A WinRT component can used to include some common code along with embedded resources that can be reused in store app irrespective of language in which it is developed like C#, JavaScript etc.
In this article, I’ll explain how to read a WinRT component embedded resource file from JavaScript app. App reads content from embedded resource and replace your page content with new content.

1. Create a WinRT component

1. Create a new windows store apps class library or WinRT component say with name ‘ExampleLib’.
WinRT component

2. If it is a class library, open its properties and change output to WinRT component.

Class library settings

3. Add a text file say ‘Data.txt’ in the project root folder with some text and change to embedded resource from its properties.

Embedded resource

4. Add a new C# code file ResHelper.cs in the project root folder and add the following code in that

using System;
using System;
using System.IO;
using System.Reflection;
using System.Threading.Tasks;
using Windows.Foundation;

namespace ExampleLib
    public  sealed class ResHelper
       static async Task<string> ReadResourceAsync(Assembly assembly, string resource)
            string xml;
            using (var stream = assembly.GetManifestResourceStream(resource))
                    using (var reader = new StreamReader(stream))
                        xml = await reader.ReadToEndAsync();
            return xml;
        public static IAsyncOperation GetConfiguration(string fileName)
            return (ReadResourceAsync(typeof(ResHelper).GetTypeInfo().Assembly, fileName)).AsAsyncOperation();



2. Create a windows store app in javascript

1. Create a new windows store app under language javascript (blank app is fine)
2. Add reference to ExampleLib
3. Open default.js and add the following code in activated.

args.setPromise(WinJS.UI.processAll().then(function () {

//call getConfiguration method with fully qualified
//file name (including dll name, folder path if any and file name)
.done(function (result) {
document.body.innerText = result;
}, function (err) {
document.body.innerText = err;


Complete solution looks like as below


All done, deploy and run the app, now you’ll see embedded resource content as your main page content. Try with invalid file name; you’ll see an error message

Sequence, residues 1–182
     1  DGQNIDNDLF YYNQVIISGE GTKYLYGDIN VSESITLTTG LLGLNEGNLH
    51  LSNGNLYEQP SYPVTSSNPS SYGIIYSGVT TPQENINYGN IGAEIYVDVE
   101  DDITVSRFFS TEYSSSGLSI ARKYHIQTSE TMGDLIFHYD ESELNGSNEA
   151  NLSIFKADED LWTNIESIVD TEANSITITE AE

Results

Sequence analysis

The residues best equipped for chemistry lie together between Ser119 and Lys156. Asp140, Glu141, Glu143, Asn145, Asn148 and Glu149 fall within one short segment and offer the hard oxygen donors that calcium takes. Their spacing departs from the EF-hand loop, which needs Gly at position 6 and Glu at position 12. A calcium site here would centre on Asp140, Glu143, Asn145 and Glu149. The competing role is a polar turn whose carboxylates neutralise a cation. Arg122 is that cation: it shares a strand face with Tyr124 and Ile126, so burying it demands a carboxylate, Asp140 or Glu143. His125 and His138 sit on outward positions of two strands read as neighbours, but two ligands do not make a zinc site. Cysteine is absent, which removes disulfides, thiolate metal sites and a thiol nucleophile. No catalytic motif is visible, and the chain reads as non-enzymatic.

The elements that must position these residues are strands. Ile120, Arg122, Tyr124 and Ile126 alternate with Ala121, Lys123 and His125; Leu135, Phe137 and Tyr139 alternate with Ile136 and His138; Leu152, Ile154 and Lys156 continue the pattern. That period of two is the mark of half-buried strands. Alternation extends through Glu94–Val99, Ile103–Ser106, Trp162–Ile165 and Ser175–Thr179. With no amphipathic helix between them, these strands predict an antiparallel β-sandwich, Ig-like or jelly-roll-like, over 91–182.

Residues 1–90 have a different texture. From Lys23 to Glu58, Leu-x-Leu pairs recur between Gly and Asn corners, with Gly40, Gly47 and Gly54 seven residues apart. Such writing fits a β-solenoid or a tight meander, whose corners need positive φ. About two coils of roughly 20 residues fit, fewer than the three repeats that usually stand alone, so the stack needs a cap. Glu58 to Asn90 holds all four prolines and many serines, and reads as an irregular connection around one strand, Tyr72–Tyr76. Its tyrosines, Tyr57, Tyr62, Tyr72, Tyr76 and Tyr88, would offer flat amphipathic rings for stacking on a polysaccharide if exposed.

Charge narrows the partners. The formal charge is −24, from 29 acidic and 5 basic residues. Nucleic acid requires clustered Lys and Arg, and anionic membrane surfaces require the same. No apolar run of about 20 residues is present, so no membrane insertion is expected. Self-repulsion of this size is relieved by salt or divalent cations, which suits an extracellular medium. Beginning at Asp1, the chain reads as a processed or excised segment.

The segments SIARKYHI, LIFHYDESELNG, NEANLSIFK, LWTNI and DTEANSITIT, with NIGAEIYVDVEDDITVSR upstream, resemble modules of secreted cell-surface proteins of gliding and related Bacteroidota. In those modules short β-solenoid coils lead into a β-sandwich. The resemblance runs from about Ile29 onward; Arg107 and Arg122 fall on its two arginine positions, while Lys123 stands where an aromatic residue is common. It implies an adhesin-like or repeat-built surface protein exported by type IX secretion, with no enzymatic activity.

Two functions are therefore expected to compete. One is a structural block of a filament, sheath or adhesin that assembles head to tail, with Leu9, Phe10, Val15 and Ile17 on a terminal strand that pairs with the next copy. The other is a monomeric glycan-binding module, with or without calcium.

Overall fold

you can download solution from here ExampleApp

Using async and await in windows 8 store apps bit tricky sometimes. Here I’m listing below some of the do’s and don’ts when working with async and await.

1) Always use void type for  top level async method. Don’t use return type Task for top level async method i,e. the method called by some app handler  for example click, onnavigatedfrom, onloaded etc.  This may not be same for console apps, where the top level method should always return Task in order to put wait instruction from Main method. Using same Task.Wait() in store apps blocks the UI thread and enters into deadlock.

   void Page_Loaded(object sender, RoutedEventArgs e)
public static async void TopLevelMethod()
     var response = await PostAsync(url, content);

Without any top level async method

 async void Button1_Click( object sender, RoutedEventArgs e)
 var response = await PostAsync(url, content);

2) To update UI before and/or after async operation, include update code in the async method but not in its caller for example showing/hiding progress ring or some alert after receiving response etc.

3) If your top level async method is called by timer event or some other scheduler  event and it is accessing any UI related stuff, then use Dispatcher.RunAsync to run that method uses same thread context.

Dispatcher.RunAsync(Windows.UI.Core.CoreDispatcherPriority.Normal, TopLevelMethod);

4)  Utilize features of newly introduced simplified HttpClient class for all asynchronous get and post methods. You can use httpwebrequest async methods but same can be achieved with lesser code using HttpClient.


Example using httpclient post async (fewer lines )

public static async Task PostAsync(string url, string postContent)
            using (var httpClient = new HttpClient())
                var httpContent = new StringContent(postContent, Encoding.UTF8, "text/xml");

                using (var response = await httpClient.PostAsync(url, httpContent))

                    string content = await response.Content.ReadAsStringAsync();

                    return content;

5)  Use always async and await for all anything that reads/writes from/to media(disk i/o etc.).


var file = await Package.Current.InstalledLocation.GetFileAsync("Data\\Groups.txt");
var result = await  FileIO.ReadTextAsync(file);
var xml = await reader.ReadToEndAsync()

I love these store apps. The most interesting and promising feature is integration of html, css technologies as well as support for .Net languages like C# etc.

Windows 8 store apps are nothing but those acquired from Windows store and are different from desktop applications. All the store apps runs in a restricted app container.

Html/Jscript based apps mainly aimed at jscript/html developers. These apps uses WinJS toolkit and WinRT(windows run time). WinJS toolkit provides JS classes, helpers, patterns, html implementation of controls etc where as WinRT javascript api provides api to access platform features.

Windows 8 provides WinRT api to access platform core features like networking, storage, media, graphics etc. This api can be accessed from Javascript, C#, C++ and VB.




I’m a web developer and is flexible with html/jscript, xaml/c# apps. I choose xaml/c# if advanced functionality and behaviour are required in my app. Html/jscript apps are simple and quick to develop(you just need a html and jscript files).